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Posted
  • Location: Windermere 120m asl
  • Location: Windermere 120m asl
4 hours ago, hillbilly said:

I dont have any figures but for where i used to live at 340metres in the Pennines the longest by a country mile that i have witnessed would be that of 1986.It was subzero from the last few days of January until March 4th with i think the exception of a day or so which just went above freezing.I think Co Durham had somewhere that had 32 days subzero.I believe Terminal Moraine has some good figures for this date and he is similar altitude to my old address.No doubt 1947 would have been even longer than that.

Jan and Feb 63 probably returned longest run last century for most. Jan to Mar 47 a close second. Yes Feb 86 brought mean temp below 0 degrees for many and there was no let up from the cold all month.

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Posted
  • Location: Ireland, probably South Tipperary
  • Weather Preferences: Cold, Snow, Windstorms and Thunderstorms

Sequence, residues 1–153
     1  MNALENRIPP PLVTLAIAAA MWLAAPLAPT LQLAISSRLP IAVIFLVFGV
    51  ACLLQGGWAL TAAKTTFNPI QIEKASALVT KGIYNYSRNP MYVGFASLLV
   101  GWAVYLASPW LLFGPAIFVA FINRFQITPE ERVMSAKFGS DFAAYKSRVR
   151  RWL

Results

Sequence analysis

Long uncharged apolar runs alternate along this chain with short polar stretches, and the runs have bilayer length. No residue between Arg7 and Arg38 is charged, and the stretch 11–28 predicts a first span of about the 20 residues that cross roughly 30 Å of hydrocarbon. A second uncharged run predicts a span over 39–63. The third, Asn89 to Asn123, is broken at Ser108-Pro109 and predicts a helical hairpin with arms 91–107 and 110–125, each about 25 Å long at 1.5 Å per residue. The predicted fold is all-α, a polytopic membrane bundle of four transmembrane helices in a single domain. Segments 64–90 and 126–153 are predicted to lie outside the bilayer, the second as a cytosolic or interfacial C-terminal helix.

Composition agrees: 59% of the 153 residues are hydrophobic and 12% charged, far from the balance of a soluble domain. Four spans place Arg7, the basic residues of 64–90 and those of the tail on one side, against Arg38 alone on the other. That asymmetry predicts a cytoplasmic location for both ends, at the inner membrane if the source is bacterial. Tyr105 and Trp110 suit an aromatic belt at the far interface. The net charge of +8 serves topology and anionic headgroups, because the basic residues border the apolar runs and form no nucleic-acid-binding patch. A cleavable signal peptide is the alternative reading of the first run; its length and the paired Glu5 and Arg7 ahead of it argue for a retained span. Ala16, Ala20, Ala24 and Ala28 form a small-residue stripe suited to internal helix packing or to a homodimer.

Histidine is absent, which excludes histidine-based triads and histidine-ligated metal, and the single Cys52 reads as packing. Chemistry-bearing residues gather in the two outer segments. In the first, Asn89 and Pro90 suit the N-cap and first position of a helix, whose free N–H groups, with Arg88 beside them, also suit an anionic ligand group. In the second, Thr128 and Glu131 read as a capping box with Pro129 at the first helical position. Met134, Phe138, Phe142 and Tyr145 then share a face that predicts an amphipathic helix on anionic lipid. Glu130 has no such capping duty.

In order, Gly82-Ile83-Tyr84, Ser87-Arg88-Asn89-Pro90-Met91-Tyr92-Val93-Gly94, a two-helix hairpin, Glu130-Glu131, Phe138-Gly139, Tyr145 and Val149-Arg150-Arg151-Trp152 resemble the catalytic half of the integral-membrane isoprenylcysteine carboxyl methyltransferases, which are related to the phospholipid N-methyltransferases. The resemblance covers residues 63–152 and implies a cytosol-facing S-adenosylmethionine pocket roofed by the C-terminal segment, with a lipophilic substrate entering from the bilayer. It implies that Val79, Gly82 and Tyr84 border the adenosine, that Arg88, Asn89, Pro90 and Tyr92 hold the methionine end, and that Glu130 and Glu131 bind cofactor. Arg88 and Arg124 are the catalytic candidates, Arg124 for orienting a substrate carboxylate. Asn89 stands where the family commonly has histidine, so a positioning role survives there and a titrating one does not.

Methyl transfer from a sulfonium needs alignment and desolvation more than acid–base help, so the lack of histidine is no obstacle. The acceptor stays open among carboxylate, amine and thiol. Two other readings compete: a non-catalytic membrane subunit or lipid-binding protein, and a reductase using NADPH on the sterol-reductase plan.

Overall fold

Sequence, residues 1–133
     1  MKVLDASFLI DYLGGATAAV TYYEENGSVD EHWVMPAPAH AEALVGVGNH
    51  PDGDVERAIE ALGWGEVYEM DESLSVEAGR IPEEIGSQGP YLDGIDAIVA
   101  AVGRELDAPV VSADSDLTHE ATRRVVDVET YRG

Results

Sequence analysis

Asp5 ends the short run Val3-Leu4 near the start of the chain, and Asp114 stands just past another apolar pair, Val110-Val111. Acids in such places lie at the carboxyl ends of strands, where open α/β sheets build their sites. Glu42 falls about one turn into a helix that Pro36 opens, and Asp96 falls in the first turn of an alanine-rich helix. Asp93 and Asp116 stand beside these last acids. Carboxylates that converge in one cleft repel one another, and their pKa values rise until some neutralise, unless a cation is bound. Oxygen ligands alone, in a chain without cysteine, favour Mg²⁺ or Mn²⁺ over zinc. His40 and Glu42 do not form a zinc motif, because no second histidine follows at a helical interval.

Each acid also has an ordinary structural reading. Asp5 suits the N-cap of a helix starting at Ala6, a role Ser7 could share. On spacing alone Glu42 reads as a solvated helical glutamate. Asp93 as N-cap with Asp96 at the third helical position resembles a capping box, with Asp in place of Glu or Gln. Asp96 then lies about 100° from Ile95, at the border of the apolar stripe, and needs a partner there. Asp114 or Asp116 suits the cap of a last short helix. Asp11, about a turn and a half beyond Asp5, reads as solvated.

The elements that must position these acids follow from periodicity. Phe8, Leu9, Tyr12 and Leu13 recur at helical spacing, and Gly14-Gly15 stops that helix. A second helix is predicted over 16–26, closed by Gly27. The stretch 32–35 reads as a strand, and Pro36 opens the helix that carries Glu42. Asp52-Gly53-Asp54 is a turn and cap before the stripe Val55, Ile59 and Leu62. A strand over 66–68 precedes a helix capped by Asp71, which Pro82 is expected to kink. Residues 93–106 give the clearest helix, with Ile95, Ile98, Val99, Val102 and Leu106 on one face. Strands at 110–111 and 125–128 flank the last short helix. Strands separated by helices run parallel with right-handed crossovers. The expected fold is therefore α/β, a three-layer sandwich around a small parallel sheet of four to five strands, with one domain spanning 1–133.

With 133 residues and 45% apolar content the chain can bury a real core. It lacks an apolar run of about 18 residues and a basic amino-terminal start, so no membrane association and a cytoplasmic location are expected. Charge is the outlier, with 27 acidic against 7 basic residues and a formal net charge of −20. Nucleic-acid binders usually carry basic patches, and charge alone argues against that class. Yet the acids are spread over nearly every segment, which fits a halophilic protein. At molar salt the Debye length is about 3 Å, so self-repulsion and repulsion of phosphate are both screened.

• Location: Ireland, probably South Tipperary

Here are the ice days for the CET, with the 10 year average in red. I actually thought the downward trend would be more stark.

image.thumb.png.c4294f8a4368de46b41ef81510824061.png

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Posted
  • Location: Windermere 120m asl
  • Location: Windermere 120m asl
2 hours ago, BornFromTheVoid said:

Here are the ice days for the CET, with the 10 year average in red. I actually thought the downward trend would be more stark.

image.thumb.png.c4294f8a4368de46b41ef81510824061.png

Thanks are the figures for each winter or each year. Surprised how low 2009 is if this is the case. Also 1984 looks very high, whilst cold at times more so in the north, didn't think there were many CET means days below 0 degrees, is it not 1985?

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Posted
  • Location: Shrewsbury
  • Location: Shrewsbury

I think the year is the year the Nov/Dec fell in, so 1984 would be 1984/5 etc. 

I'm not surprised the nadir was the late 90s through mid-2000s, but even so I thought 2000/1 and 2001/2 might have had one or two (they certainly both had ice days here). The late 1900s until the late 1920s really does look like a poor period for winters, with the notable exception of 1916/17.